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Stay within the lines

Going over and above the call of duty can be a perilous move for practitioners acting under a power of attorney, says Matthew Evans

26 April 2013

Eileen Day and her husband bought a property at 25 Ashby Road, Southampton in 1954, in joint names. It was vested in Day on her husband’s death in 1976. In May 1985, Day executed a general power of attorney in favour of solicitor Alan Froud, who executed a conveyance transferring the property into the names of Day and her son, Terence. The conveyance expressed that the property was to be held as beneficial joint tenants.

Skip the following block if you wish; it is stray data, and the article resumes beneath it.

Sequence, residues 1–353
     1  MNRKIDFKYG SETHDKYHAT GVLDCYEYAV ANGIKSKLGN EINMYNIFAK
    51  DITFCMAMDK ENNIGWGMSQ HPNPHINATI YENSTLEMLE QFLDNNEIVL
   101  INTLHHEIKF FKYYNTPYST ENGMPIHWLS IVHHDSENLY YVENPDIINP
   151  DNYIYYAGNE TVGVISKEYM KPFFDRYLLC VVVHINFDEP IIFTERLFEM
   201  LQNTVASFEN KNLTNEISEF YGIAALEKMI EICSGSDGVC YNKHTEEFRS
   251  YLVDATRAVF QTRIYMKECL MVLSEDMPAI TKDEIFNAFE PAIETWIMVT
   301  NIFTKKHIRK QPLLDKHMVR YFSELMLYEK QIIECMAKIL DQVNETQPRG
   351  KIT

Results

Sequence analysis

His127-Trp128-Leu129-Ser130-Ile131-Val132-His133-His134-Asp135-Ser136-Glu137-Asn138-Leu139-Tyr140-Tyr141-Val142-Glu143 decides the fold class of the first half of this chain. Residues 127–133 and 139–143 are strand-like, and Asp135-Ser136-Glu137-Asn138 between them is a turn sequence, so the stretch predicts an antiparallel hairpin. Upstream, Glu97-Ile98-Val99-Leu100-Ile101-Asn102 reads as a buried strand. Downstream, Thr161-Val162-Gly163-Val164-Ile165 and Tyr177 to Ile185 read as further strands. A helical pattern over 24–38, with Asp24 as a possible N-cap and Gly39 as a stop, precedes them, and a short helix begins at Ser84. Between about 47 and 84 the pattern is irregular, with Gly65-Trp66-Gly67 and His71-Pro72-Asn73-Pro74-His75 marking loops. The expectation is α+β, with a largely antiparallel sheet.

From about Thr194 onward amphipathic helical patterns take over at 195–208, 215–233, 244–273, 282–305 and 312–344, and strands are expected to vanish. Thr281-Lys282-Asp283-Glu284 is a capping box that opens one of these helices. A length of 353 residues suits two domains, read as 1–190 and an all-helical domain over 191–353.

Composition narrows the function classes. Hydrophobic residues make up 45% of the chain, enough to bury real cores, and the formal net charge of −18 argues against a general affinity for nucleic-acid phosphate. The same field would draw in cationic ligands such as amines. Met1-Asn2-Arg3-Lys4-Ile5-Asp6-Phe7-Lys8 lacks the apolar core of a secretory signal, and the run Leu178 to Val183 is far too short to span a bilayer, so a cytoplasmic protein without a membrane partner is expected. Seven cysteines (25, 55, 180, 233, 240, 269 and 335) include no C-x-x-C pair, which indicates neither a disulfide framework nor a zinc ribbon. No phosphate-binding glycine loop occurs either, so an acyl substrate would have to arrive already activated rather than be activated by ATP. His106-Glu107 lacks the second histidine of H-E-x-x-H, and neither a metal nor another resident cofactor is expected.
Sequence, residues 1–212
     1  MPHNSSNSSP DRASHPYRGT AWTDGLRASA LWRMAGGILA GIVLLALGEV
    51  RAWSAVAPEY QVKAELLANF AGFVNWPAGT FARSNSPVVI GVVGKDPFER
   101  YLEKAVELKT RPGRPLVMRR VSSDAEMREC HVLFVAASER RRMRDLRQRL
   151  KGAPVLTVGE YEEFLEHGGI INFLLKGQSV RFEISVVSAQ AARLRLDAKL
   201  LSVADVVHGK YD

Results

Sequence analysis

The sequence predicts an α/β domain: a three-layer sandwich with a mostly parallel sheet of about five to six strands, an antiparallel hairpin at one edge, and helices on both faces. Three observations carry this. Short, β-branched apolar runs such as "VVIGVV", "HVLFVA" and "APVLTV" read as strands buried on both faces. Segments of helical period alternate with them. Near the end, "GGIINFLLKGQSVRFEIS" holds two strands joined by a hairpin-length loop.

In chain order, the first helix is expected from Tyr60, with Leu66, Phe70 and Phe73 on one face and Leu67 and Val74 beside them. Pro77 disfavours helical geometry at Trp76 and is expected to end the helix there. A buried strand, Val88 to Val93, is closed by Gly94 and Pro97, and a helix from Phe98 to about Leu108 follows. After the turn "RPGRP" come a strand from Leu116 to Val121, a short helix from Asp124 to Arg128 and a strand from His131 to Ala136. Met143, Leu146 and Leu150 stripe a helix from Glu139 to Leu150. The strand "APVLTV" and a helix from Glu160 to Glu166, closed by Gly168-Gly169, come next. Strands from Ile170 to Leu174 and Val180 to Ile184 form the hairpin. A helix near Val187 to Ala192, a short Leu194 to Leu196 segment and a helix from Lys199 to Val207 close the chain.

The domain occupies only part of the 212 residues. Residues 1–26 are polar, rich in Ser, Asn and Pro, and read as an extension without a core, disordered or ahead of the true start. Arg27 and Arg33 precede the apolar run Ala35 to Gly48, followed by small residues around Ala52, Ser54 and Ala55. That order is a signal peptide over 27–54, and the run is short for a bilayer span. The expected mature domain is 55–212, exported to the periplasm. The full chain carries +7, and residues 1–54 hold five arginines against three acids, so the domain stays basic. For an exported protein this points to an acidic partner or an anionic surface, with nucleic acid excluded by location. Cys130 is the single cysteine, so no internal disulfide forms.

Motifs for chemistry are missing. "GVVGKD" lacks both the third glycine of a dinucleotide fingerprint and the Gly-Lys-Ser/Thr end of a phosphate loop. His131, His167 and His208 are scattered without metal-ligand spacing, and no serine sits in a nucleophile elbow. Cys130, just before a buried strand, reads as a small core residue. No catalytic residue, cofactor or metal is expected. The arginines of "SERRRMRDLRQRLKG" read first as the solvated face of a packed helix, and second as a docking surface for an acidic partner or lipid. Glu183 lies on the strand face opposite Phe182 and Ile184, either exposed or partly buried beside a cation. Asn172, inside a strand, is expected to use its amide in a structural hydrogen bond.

Day drew up a will in November 2008, in which she claimed to leave the property between her six children equally. She died the next month. As the position stood, the property passed by survivorship to Terence, the respondent in Day & Anor v Day [2013] EWCA

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